We’re doing our best not to turn the heaters on in the shop this week, in spite of it getting very cold – what is knitwear for, after all? We’ve had delivery of some lovely things which have reminded us just how well us knitters do “warm”. We can’t think of a better way to keep toasty than with the magic of cables – those deceptively simple twists that create a wind-proof, double-thickness fabric. If they’re good enough for seafaring Irishmen, they’re good enough for us.
One of our favourite masters of cables is Norah Gaughan. There was a bit of a frenzy amongst the Loop staff when this booklet, Norah Gaughan Volume 9, arrived at the shop a couple of winters ago. Who would get to knit what? In which colour? How would we manage not all wearing the same sweater on the same day?! We’re nice knitters, so we worked it out, but you can probably see why we were so worked up – this is cabled gorgeousness at its best.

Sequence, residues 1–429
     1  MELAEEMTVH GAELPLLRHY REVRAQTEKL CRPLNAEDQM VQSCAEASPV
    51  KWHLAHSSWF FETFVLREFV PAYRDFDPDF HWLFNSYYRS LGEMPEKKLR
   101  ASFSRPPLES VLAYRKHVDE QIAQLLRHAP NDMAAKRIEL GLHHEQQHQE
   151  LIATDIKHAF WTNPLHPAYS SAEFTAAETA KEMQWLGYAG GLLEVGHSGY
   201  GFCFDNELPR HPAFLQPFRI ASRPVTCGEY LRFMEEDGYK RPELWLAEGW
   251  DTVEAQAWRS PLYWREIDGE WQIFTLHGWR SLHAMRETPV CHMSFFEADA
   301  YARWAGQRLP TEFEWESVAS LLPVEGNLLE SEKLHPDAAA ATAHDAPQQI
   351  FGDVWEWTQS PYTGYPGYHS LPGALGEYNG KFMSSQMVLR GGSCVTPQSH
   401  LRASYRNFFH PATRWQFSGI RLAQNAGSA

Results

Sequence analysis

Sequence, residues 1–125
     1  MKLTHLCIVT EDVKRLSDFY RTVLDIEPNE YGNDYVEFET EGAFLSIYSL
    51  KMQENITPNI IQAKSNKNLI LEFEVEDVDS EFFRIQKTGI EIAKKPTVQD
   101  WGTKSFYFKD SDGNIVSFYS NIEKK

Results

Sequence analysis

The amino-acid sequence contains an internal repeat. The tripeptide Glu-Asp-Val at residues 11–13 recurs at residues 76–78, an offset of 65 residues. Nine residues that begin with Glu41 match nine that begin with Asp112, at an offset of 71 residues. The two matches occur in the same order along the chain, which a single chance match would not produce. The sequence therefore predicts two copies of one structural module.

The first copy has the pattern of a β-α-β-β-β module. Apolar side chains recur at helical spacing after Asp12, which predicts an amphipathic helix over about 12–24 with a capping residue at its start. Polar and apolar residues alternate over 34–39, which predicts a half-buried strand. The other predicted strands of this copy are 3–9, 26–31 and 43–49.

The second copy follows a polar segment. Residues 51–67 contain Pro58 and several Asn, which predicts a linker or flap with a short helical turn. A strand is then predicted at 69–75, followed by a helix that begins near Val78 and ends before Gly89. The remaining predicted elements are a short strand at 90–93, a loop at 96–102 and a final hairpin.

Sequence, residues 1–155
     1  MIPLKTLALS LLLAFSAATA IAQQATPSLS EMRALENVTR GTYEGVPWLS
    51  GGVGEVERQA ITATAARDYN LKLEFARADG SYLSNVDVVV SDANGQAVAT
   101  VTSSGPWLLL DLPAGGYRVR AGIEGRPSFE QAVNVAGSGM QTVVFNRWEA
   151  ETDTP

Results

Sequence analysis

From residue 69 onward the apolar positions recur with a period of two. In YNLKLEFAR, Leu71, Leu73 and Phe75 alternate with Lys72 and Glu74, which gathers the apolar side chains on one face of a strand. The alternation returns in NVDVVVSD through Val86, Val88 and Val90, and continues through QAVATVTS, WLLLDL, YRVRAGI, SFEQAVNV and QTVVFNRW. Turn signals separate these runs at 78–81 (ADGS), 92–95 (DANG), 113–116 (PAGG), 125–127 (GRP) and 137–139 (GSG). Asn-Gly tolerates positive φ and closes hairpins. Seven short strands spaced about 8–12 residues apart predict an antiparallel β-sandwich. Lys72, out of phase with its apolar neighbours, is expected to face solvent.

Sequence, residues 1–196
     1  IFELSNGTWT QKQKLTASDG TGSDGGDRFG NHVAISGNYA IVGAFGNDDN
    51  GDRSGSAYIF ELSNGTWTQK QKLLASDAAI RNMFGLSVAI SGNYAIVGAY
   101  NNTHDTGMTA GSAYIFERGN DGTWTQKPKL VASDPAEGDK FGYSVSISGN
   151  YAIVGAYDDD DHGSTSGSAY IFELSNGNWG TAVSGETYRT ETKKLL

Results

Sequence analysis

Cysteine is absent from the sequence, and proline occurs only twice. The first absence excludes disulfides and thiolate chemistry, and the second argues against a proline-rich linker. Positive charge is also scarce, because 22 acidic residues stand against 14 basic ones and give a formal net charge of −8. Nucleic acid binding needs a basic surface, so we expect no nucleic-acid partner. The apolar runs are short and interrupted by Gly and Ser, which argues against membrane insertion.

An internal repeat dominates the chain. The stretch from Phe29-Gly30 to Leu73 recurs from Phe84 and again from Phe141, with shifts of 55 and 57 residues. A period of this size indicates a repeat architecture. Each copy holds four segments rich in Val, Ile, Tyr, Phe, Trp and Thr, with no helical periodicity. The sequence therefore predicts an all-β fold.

Just in time for some cabled jumper knitting, a big delivery of Berroco yarns landed in the shop this week. The Ultra Alpaca aran weight is perfect for many of the patterns in NG Vol 9, and Peruvia Quick is an amazingly cosy yarn perfect for a chunky sweater like this one, free on the Berroco blog:
And Peruvia Quick comes in some delicious autumnal colours:
Also recently arrived at Loop is the ever-so-cosy Rowan Cocoon. We think Cocoon is great for all kinds of sweaters and accessories, but somehow it seems that more often than not, customers come in wanting to use it for one classic pattern – Kate Davies’ Owls sweater!
Now if you’re after something just a bit more delicately cabled, Ysolda Teague’s cardigan design from her brand-new book, The Rhinebeck Sweater, might be just the thing! Mixed with a touch of textured stitches, this is the perfect layering piece.
And dare we say it, we think it would be just right knit up in our new Fancy Tiger Crafts Heirloom – in Calendula perhaps?
Even if you haven’t tried cables before, now’s the time to give it a go! It’s easier than you think, and cables are so satisfying to knit. Grab yourself a cable needle, and get knitting!